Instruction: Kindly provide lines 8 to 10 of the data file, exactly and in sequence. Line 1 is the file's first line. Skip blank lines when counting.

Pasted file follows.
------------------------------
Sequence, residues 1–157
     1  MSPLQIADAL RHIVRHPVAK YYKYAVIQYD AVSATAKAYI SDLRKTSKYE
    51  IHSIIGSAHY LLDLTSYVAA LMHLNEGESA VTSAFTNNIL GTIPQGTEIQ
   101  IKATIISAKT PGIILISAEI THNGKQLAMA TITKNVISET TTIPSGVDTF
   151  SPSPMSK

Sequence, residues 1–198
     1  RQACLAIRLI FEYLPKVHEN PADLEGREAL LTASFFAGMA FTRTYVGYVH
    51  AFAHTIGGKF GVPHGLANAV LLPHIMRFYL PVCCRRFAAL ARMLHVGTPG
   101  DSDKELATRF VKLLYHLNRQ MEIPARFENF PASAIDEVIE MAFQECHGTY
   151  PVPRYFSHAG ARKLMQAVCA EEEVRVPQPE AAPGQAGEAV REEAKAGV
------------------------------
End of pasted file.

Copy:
    51  AFAHTIGGKF GVPHGLANAV LLPHIMRFYL PVCCRRFAAL ARMLHVGTPG
   101  DSDKELATRF VKLLYHLNRQ MEIPARFENF PASAIDEVIE MAFQECHGTY
   151  PVPRYFSHAG ARKLMQAVCA EEEVRVPQPE AAPGQAGEAV REEAKAGV